Make 24 Times More on Your Savings

Cash in a wallet
Photo by Yulia Grigoryeva / Shutterstock.com

Have you been frustrated by how very little you get in return for keeping your money in the bank? You’re not alone! Even though interest rates are hovering in the lower range, in historical terms, most of us still get less than we could — in fact, according to the FDIC, the national average return on a savings account is now a measly 0.07%.

But you can do a lot better. CIT Bank offers up to 1.7% (current as of publication date), or about 24 times the national average.

CIT Bank, part of CIT Group, is a leading commercial finance company that is now offering online consumer banking. The company has a long track record of helping to drive innovation in lending to small and medium-sized businesses, especially retail, energy, health care, transportation and technology companies.

“Now CIT Bank is putting this experience to work for you,” the company says.

Regular deposits and higher earnings

Here’s how it works: Open a tiered interest rate account with a $100 minimum deposit and receive upper-tier interest as an introductory offer. You can keep earning the introductory rate by either maintaining a minimum balance of $25,000 or making a monthly deposit of $100 or more. There are no account-opening or maintenance fees.

Even if you start with just $100 and save at the minimum rate, the higher interest rate is worth hundreds of dollars over the course of a few years. (You can plug in different numbers on this handy compound interest calculator to see how it plays out with different balances and deposits.)

Click here for more information or to open an account.

But don’t stop there. If you have some money in checking or savings that isn’t earning for you and you don’t need to have instant access to it — or if you want to move some money from the stock market to a safer investment — consider some other FDIC-insured savings options from CIT Bank.

Another safe way to grow savings

CIT Bank money market account

Often described as a hybrid between a checking account and savings account, a money market account generally pays more interest than a regular savings account but puts some limits on access to your funds. CIT offers a money market account (currently at 1.75%) with these handy features:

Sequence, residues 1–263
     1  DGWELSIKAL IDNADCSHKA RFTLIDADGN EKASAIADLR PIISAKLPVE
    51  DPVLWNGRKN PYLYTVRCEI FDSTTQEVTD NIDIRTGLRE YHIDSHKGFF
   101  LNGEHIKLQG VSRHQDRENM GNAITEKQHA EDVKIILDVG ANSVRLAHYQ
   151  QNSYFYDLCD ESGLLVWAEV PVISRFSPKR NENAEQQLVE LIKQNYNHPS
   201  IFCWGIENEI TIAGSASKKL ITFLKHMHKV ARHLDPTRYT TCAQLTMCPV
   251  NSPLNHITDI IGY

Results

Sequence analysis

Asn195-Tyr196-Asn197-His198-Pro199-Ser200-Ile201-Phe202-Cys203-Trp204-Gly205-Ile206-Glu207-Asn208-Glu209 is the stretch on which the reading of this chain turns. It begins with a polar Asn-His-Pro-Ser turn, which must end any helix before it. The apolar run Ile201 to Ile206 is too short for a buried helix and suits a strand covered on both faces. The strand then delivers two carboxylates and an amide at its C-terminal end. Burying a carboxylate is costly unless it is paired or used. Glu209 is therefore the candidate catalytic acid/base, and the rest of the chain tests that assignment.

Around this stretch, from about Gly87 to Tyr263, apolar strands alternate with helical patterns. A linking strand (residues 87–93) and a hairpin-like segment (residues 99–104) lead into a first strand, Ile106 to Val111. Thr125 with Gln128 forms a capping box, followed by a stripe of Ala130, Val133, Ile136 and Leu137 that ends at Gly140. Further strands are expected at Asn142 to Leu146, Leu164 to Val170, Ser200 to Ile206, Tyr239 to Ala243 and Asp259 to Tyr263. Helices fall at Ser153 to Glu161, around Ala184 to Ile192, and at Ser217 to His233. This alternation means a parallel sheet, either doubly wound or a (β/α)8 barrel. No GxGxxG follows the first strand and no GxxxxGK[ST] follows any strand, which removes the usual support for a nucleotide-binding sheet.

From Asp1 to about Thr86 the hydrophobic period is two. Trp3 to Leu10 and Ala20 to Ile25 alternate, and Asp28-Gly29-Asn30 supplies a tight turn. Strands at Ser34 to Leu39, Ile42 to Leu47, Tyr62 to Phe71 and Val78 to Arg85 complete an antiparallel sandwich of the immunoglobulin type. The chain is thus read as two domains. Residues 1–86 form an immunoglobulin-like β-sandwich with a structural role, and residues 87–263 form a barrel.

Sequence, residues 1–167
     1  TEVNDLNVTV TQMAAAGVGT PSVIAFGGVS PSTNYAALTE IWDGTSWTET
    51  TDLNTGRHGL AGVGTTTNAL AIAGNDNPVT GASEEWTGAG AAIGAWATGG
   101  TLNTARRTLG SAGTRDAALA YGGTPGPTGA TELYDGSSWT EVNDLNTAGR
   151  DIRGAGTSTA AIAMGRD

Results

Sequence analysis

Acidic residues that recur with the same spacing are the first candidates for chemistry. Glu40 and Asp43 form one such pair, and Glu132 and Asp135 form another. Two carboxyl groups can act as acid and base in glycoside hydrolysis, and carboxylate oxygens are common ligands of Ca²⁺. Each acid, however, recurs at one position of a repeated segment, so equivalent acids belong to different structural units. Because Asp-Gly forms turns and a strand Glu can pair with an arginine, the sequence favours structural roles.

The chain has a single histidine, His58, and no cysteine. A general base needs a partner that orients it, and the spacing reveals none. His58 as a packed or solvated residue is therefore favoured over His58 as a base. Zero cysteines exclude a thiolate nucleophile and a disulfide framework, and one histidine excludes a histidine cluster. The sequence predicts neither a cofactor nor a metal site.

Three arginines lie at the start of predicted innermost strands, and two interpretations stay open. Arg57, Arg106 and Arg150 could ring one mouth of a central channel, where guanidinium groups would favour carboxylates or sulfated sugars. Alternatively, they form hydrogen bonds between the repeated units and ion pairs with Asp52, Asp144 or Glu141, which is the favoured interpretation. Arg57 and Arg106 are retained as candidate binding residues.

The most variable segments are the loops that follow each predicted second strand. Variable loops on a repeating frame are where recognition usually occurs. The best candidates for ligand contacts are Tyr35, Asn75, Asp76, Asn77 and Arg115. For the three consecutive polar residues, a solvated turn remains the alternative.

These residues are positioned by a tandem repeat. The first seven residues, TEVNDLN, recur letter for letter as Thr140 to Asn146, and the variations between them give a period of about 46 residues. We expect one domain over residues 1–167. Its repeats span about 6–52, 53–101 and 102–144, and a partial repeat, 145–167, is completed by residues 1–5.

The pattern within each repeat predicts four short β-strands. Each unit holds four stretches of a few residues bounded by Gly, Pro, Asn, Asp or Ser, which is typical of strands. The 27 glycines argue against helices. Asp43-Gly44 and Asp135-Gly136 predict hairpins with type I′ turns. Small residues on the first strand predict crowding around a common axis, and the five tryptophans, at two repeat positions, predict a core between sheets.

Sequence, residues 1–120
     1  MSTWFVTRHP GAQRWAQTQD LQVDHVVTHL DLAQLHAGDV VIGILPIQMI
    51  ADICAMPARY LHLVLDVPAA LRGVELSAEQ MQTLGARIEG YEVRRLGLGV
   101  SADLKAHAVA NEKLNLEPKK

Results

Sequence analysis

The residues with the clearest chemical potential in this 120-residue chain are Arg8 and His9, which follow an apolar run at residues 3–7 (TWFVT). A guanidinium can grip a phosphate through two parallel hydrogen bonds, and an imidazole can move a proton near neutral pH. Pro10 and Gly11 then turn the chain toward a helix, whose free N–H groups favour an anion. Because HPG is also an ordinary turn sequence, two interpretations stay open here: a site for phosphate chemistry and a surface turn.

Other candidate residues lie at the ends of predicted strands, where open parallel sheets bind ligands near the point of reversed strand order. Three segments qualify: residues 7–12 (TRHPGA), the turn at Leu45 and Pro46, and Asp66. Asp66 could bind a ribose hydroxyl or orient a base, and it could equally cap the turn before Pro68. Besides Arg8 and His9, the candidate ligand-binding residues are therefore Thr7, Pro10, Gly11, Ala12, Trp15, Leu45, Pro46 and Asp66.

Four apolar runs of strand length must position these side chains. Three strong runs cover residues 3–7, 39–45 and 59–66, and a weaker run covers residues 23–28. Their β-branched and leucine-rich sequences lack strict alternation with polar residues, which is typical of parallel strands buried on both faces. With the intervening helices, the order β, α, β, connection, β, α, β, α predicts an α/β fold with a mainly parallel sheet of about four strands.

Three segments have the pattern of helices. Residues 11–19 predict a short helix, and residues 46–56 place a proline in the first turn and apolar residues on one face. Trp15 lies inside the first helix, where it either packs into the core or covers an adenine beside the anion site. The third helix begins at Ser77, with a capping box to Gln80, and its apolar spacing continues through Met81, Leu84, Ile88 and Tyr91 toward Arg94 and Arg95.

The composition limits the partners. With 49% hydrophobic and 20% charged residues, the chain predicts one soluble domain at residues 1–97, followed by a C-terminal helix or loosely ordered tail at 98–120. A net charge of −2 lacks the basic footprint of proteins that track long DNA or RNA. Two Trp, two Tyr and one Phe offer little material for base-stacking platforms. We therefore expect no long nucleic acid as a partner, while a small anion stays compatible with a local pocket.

• A minimum deposit of just $100.
  • Six transfers or withdrawals per statement cycle.
  • No account-opening or monthly service fees.
  • People Pay transactions — a free service that allows you to send money from your money market account to almost anyone with an email address or mobile phone number.

Check here for current offers.

Different accounts for different goals

Why, you may wonder, do you need more than one savings account?

“Setting up in individual savings accounts for short- and long-term savings goals makes smart sense because the reasons for savings vary,” CIT Bank says. “Are you saving for a house, creating an emergency fund or putting money aside for your kid’s college tuition? Keeping accounts separate makes it easier to track savings growth. When you tap your funds, you won’t derail other savings goals.”

As an online bank customer, you won’t have bank branches to visit, nor any CIT Bank ATMs, nor a CIT Bank checking account.

Instead, you can manage your accounts from your computer — view and download statements and account activity, schedule and make transfers to and from other banks, schedule and make transfers between CIT Bank accounts, create banking reports, open new accounts, receive and manage account alerts and send secure messages.

CIT Bank’s mobile app lets you check account balances and transaction history, transfer money between CIT Bank accounts and, if you’re a high-yield savings account customer, deposit checks.

You can also use the bank’s automated telephone banking system or call its customer service center.

The easiest way to make deposits to your new CIT Bank account is to transfer funds electronically from your other bank accounts. You can also mail a check or wire the money. Similar procedures apply to withdrawals, but some accounts have rules about how often you may tap in electronically.

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